Honest Ed’s forever preserved on a postcard.
Nobody has bothered to change the lightbulbs for years. Still, the marquee on Honest Ed’s always gave Bathurst and Bloor the atmosphere of a side show, like a piece of the Ex preserved out of season. But now that the lights are off for good and the wrecking ball is on its way, a big piece of Toronto’s self-image is missing from the Annex.
The discount department store is lamented now, as just about everyone who has ever moved here as a broke student has gone there to furnish their living room, equip their kitchen, or do some grocery shopping in an area where No Frills are scarce. But as The Guardian put it, the store “didn’t just sell cheap formal wear and ironic birthday gifts to hipsters, but was central to Toronto’s proud history as one of the great immigrant cities.”
Honest Ed’s origins as the department store for the newly arrived is the image where Corrado Paina focuses his lens when he writes, “can’t you see the fear of poverty / the steps of a second life / slippery from sweat?” The poem, “Honest Ed’s,” (accompanied by a truly awful piano in this popular YouTube video) begins about “the races,” buying up hundreds of pounds of meat, sugar, bread, gold, leg of lamb, between anticipation of war and queuing up for buses bound for suburban factories.
John Oughton hits some of the most cringe-worthy notes of earnest anti-capitalist poetry in “Edville”:
Circus lights shout Honest Ed
over and over, three stories high
and two blocks long, a legend built of tiny bulbs
that burn all night in buy-buy-binary code
But it hints at how, with a bit of character, a business someone started to earn some money (enough money to start a theatre empire and eventually spawn David Mirvish’s luxury development schemes) can imprint itself on the city’s soul. The lights aren’t just a legend to capitalism’s code; they’re also the legend of a place and a man whose “bargains creep into your heart, your soul, and your brain!”
Toronto has lost another kitschy piece of its more colourful past, something imagined and preserved in film, poetry, and Scott Pilgrim, but it’s also losing a part of its living literary scene. Between The Central and Victory Café, the block of Markham Street beside Honest Ed’s has held down the eastern limit of literary Toronto with countless reading series and book launches. As that block closes along with the discount emporium, Toronto’s literary world shifts ever-further westward.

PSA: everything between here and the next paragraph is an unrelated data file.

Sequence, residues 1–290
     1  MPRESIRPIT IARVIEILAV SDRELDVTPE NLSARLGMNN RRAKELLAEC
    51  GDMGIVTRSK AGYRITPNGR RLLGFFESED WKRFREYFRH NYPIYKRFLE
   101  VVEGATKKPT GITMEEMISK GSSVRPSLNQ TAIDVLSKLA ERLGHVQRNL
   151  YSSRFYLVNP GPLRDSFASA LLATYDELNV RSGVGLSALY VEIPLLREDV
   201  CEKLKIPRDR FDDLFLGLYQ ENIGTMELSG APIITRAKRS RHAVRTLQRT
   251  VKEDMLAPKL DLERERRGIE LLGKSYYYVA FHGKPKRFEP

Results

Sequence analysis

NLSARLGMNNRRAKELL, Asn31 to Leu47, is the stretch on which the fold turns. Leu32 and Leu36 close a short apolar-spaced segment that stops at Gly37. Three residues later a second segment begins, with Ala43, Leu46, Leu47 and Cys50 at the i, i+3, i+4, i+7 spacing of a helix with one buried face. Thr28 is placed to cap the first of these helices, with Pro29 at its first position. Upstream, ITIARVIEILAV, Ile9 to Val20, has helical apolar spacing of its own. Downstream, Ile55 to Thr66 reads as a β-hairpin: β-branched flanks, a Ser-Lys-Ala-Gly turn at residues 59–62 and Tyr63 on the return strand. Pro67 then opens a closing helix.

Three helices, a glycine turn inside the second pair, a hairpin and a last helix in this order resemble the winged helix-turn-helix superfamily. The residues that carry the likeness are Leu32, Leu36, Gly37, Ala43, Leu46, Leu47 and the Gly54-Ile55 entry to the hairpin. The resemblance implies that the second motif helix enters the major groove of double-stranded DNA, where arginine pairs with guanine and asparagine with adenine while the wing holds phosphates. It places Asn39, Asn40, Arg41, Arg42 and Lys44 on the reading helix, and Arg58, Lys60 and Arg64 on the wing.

… the marquee on Honest Ed’s always gave Bathurst and Bloor the atmosphere of a fun show, like a piece of the Ex preserved out of season.
Mirvish Village is a collection of quaintly independent businesses and artist studios housed in older townhomes. It’s remained eccentric while the rest of the Annex has moved steadily toward franchises, losing businesses like Sonic Boom, Book City, Brunswick House, and plenty of others. After the city kiboshed Ed Mirvish’s plans to demolish the houses for a parking lot, he decided to convert them into artists’ studios, and he charged his creative tenants below-market rent. Even though the buildings themselves will be preserved, sprouting glass outgrowths as heritage buildings in this city often do, the merchants interviewed in the CBC don’t expect the townhouses to stay eccentric:
But many question whether the space will be affordable for younger generations—once encouraged to move to the area by the Mirvish family, who set rents far below market value in order to attract creative entrepreneurs.
Like 401 Richmond, an industrial complex rented out to arts and culture organizations by Margaret Zeidler at below-market rates, Mirvish Village exists not because city hall planned it, but because an eccentric landowner saw value in charging below-market rents. That’s a pretty precarious way to keep creativity in the city—and now 401 Richmond, too, is being threatened by a provincial property tax regulation that will levy it as though it were already a condo.
But Margaret Zeidler, unlike David Mirvish, wants to keep operating as she has been. Mirvish is reinventing his family brand as a developer, and the same name that lit the Annex up like a pinball machine is still reshaping Toronto. Higher and denser residences, bland as so many of them are, are a necessary part of the city growing up and losing its conservative attachment to houses and yards, but growing up also means less room for the tacky and weird—not to mention the creative.